Take up of neighbourhood planning has undoubtedly been extensive. A government database shows there were about 2,800 known neighbourhood plans in at the end of 2021, of which just under half were already formally ‘designated’ (as planning policy). But a summary of research presented to the roundtable event shows there has been a higher take-up in more affluent rural and semi-rural areas who largely benefit from stable communities and active local government bodies.
Lower take-up of neighbourhood plans in more deprived and urban areas may be partly explained by the technocratic (and often costly), legal process and considerations involved. Plans need to be made in a prescribed way, have support at a local referendum, and pass an examination according to three ‘basic conditions’ – all of which can be tricky for those unfamiliar with the mysterious world of planning policy to negotiate. The condition that plans must have general conformity with adopted local plan policies has been a particular bugbear – with many communities rushing to get their neighbourhood plan designated ahead of area-wide development targets. This was always going to be a big opportunity for planning consultants!
Another topic of conversation at the roundtable was a general concern that many neighbourhood plans are limited in focus, often concerning themselves with single planning policies or the development of specific sites. This is no problem in and of itself, however it was suggested that in taking this myopic approach, communities miss the opportunity of appraising their needs in the round. This contrasts with what ACRE members previously knew as Community Led Plans – informal action plans developed by communities which placed an emphasis on involving as many people as possible in a discussion about the future needs of their local area. Such plans would commonly result in a spectrum of initiatives, from litter picks to homework clubs, and local growing schemes to working with the local authority to secure more affordable housing using existing planning policy mechanisms. Perhaps most importantly, they provided a practical framework that gave communities confidence they could meet many of their own needs by coming together and taking action, over and above influencing wider policies or expecting the state to deliver more for their area.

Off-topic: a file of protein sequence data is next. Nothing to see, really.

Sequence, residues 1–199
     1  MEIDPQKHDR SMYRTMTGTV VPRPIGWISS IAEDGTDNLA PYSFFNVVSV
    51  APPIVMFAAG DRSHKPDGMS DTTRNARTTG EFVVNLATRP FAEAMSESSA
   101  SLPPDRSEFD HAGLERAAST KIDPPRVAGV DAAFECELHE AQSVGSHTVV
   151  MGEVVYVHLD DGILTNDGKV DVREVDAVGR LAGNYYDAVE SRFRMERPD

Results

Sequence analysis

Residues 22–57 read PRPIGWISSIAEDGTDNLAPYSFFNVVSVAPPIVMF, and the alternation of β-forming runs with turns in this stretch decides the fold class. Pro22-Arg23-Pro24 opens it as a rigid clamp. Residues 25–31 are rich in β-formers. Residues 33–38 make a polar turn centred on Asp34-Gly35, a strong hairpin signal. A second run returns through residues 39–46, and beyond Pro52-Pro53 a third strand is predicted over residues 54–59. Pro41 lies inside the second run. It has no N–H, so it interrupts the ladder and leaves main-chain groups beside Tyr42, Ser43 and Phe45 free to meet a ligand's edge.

Which leads onto the last and perhaps most important concern that we raised about neighbourhood planning when it was being introduced by Minister’s intent on creating something new back in 2011; that of democratic accountability. As a pre-condition of being designated, neighbourhood plans need to pass a local referendum with a simple majority. However, there are no requirements relating to turnout or the process by which residents should be involved in the making of plans up to this point. This is not to say that neighbourhood plans cannot be accountable to local communities – many are – it is simply that it’s possible for a small group of interested citizens to put something together, without fully considering the needs of others, or at worst, those who stand to be affected the most by their decisions. On the plus side, there are lots of different consultation methods that can be practically deployed by those producing neighbourhood plans to understand local needs and get people on board including surveys, neighbourhood walks, ideas boards, focus groups, model making, and much more!
Despite these shortcomings, the reality is neighbourhood plans remain a powerful tool for local communities to have greater influence over future development. And there is plenty of support and advice available such as that detailed on Locality’s comprehensive neighbourhood planning website.
But if you would like a chat about whether a neighbourhood plan is right for your community, or how you could engage local residents about a wider range of social, economic or environmental considerations, do contact your local ACRE member as they will more than likely be able to help.